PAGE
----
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Research Training Program

Physicians reviewing data

The research training can be focused on clinical investigation, basic science, translational science, global health or medical education, depending on the interests of the fellow. We have been uniquely sucessful in this goal; about 95% of all our graduates from the past 5 years remain full-time University faculty as researchers and clinician-educators. The research training can be focused either on clinical investigation, basic science, or translational medicine, depending on the interests of the fellow. The program is designed to develop independence under the tutelage of a mentor. A major emphasis of the experience is teaching the skills necessary to perform research and win peer-reviewed funding in our current competitive climate. This includes training in writing grants and manuscripts, learning new experimental techniques, analyzing data, and presenting findings to colleagues and at national meetings.

Physicians standing near equipment

Each fellow selects a faculty research mentor. To aid in this selection, an “Introduction to Research Day” is held, during which faculty provide an overview of potential research opportunities and previous fellows speak of their experience. Each new fellow meets with the Division Director, Program Director, and potential mentors to develop an individualized program of patient-based or laboratory based research. Although there is a broad range of fields and mentors within our division, fellows may also explore research options within other divisions, departments, and schools at Johns Hopkins. This results in a nearly limitless range of opportunities to suit individual interests. Fellows may also take courses toward an advanced degree in clinical investigation.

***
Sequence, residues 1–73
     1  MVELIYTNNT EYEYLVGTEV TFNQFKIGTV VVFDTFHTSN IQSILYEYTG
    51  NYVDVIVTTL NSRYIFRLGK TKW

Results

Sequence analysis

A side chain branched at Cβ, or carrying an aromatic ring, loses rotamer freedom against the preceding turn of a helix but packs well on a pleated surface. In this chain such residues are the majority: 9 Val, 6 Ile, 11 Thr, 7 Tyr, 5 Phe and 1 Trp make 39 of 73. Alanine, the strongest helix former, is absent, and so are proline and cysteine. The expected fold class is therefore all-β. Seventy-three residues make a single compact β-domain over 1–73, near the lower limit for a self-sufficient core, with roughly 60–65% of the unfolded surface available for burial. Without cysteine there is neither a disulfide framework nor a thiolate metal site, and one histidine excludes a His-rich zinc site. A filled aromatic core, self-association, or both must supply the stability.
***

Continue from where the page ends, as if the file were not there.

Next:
Recent fellows have completed research in Divisions of Immunology, Infectious Disease, Gerontology, Genetics, the Departments of Cell Biology , Anatomy, and Molecular Biology, or the Department of Environmental Physiology in the School of Public Health. Projects have ranged from the molecular genetics of sepsis, to pulmonary function studies in rural Nepal, Barbados, and Peru. Fellows may also take courses toward an advanced degree in or clinical investigation.

All fellows are expected to apply for an individual grant during their first research year. Funding sources include the NIH, specialty societies, and foundations. This effort teaches the essential skills of grant-writing and requires the fellow to develop, with their mentor, a systematic plan to guide their research years. Among the current fellows, 70% of those in years eligible for grant support have been successfully funded.

To ensure that fellows working far afield remain integrated with their home division, a guidance committee meets regularly with each fellow to review their progress and assist with their career goals. In addition, fellows attend a large variety of divisional research and clinical conferences, and present their ideas and findings at several stages between inception and completion. This allows fellows to test new ideas and to become comfortable interacting with their colleagues in both informal and formal settings. A wide variety of lectures, workshops, and courses are available on career development topics such as how to write a grant, the art of scientific presentation, and understanding the promotions process. These include evening dinner seminars at a faculty member’s house, as well as more formal courses. For budding clinician-educators, courses in teaching skills and curriculum development are also available.

The Fellowship Program has the distinct advantage of being supported by the largest and most successful National Institutes of Health (NIH) Pulmonary Training Grant in the country. The vast majority of the Division’s research is funded by the NIH, either through large, integrated programs or through individual grants assigned to specific faculty members.

Ongoing research projects can be viewed here.

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